Menus that wrap onto two lines are a particular bête noir of mine - unless, of course, your theme accommodates them easily, or was especially designed for a double row of menu items. One way to save real estate in your menu area is to cut down on the length of the navigation labels, while still keeping the longer title on the page itself, if necessary.  (Of course, the title you give to a page is by default the label that's given to that page when you add it to the menu.)  FAQ is a good example - it doesn't make any sense to take up all that space by writing "Frequently Asked Questions" in the menu area, whereas you'll probably want it to appear in full on the page itself.

Your home page is another example of a situation when you're likely to want a different label in the menu to what is written on the page. You'll want to have "Home" in the menu as it's what people expect (plus it's short) - but you certainly don't want "Home" written as a title prominently at the top of your home page - it looks terrible, and is completely meaningless. (Note, this only applies if your theme doesn't let you remove the title on the home page - all premium themes will allow you to do this, or the home page layout will automatically be set up not to show the title.)

What to do in these situations? First change the title of the page to the longer version of the title that you want to appear on the page (or save it directly with a long title if you are creating the page from scratch). So, create a page that is called "Frequently Asked Questions," or give your existing home page a new title that you won't mind seeing written very visibly at the top of the home page (perhaps a one-sentence introduction containing your main keywords - or at any rate something that sounds engaging to your visitors).

Then go to Appearance > Menus and add the new page to the menu (if it isn't there already). When the item is in the central area, you'll see that it has the long name you've just given it; click on the small triangle to the right of the menu item next to "Page," write the shorter label that you want to see in the menu in the "Navigation Label" field ("Home" or "FAQ," to continue with the same examples), and save the menu. Now check your live site, and you'll see the change - plus a shorter, neater-looking menu.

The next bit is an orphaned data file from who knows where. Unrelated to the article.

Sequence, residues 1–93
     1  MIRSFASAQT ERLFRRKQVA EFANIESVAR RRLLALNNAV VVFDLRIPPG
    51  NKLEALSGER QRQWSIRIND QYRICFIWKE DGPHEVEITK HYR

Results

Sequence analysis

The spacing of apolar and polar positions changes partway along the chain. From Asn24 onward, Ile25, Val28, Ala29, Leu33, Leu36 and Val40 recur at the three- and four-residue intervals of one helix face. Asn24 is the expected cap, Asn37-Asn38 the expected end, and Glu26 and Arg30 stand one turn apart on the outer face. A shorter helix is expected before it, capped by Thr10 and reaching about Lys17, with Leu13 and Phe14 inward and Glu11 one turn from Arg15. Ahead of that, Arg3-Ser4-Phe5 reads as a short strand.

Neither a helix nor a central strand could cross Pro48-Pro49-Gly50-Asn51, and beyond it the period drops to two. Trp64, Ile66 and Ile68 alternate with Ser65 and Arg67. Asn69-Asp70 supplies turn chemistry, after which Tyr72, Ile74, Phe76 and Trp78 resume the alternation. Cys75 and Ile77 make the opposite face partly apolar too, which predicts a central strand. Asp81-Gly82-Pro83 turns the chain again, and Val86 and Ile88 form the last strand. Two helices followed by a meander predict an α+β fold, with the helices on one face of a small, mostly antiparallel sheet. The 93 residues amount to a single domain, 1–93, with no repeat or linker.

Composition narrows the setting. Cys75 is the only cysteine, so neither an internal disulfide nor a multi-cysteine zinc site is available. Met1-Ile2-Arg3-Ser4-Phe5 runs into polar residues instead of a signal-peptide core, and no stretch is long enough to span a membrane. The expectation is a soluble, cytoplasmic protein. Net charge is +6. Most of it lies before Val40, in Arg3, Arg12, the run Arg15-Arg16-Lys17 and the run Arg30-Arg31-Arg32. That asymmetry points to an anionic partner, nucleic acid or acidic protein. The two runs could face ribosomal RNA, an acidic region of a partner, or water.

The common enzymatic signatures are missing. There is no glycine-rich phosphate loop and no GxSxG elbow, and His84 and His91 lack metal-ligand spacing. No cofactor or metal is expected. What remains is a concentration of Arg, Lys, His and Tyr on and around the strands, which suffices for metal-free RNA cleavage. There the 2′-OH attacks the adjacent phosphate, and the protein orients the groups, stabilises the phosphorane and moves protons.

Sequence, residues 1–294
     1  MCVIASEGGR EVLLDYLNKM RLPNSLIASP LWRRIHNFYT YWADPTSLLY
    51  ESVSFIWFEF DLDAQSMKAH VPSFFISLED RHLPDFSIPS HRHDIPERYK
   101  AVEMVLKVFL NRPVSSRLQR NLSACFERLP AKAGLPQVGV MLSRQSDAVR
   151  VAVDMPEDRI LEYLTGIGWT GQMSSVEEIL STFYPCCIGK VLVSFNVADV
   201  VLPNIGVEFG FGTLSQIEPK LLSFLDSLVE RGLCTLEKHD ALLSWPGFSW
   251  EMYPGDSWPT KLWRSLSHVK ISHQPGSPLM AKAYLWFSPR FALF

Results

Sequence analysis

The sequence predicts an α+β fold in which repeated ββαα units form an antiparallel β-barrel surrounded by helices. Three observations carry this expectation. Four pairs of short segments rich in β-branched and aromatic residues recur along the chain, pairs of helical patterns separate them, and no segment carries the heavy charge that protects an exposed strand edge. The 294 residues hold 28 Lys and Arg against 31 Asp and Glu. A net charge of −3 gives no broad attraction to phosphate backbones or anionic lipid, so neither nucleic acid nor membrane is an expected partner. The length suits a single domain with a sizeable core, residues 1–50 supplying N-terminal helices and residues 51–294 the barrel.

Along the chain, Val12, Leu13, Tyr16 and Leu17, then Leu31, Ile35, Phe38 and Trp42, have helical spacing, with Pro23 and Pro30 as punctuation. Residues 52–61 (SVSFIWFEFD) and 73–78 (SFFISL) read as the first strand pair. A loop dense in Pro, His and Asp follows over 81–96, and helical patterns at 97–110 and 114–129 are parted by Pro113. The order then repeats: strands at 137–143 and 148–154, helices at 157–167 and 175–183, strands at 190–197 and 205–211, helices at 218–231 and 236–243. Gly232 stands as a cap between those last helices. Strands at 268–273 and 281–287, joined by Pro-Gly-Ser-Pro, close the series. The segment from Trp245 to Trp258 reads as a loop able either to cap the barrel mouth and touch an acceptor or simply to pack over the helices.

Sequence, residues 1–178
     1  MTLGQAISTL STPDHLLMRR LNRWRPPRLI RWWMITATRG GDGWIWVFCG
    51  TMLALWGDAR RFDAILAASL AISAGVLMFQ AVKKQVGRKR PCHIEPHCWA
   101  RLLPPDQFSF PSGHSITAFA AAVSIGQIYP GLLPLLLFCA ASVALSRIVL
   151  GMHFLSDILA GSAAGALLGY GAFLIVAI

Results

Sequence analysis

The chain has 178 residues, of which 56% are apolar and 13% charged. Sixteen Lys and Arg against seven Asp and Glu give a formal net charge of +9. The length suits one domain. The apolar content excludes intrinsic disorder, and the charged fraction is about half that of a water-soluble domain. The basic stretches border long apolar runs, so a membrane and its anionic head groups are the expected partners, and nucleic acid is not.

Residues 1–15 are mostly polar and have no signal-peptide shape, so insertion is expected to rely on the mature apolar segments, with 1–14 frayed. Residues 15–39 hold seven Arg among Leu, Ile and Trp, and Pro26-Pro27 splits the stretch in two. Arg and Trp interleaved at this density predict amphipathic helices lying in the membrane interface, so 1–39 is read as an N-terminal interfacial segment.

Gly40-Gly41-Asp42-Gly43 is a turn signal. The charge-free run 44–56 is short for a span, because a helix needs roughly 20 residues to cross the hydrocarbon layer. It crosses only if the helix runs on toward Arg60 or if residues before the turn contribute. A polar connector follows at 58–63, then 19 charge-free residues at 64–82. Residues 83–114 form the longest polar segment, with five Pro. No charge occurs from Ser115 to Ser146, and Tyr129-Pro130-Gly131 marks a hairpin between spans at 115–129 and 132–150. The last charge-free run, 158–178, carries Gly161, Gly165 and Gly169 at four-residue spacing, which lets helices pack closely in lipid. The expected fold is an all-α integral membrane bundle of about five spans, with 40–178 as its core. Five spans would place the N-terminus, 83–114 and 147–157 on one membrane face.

menu

I hope you find these five easy-to-implement WordPress tips helpful.

How to prevent hacks on your website

Hacks do happen occasionally, so I asked my friend Claire Gallagher of Claire Creative to write this short low-down on what you can do to keep yourself out of trouble. -------

As a site owner, it is important to protect your website from unwanted attacks. Hacking is unfortunately something that does occur in the world of websites, no matter who hosts your site and no matter its subject matter, and you can’t ever be sure you are 100% safe.  However, there are a number of precautions that you can take to reduce the risk of attack. Here are five points to address to improve your site’s safety.

1. Your computer.

The computer that you use to log in to your website should be secure.

  • Use anti-virus software.
  • Don’t download files or applications from sources that you don’t know.
  • Use spam filters on your email account.

2. Your host.

Choose a reputable host that offers customer support. Before deciding on a host, check online reviews to ensure that the host is reliable.

3. Your passwords.

Choose a secure password for your hosting account and your admin area (if your site uses WordPress or another content management system). It is also a good idea to change your passwords regularly.

Note that if you use a WordPress site, you should avoid the default “admin” as your user name.

Your hosting company will most likely provide you with a complex password for your FTP – you should change this from time to time as well, whether or not you use FTP to upload files to your website.

4.  Your version of WordPress and plugins.

Your site, just like your computer, runs on software that requires occasional updates. WordPress updates are released regularly to protect against hackers and generally improve the performance of your website. It is highly recommended that you keep WordPress and plugins up to date - it’s one of the best ways to protect your site from attack. With any software update, there can be compatibility issues, so take a backup before you do your update.

The same advice goes for any other content management system or open source software you may be using on your website.

5. Your backup copy.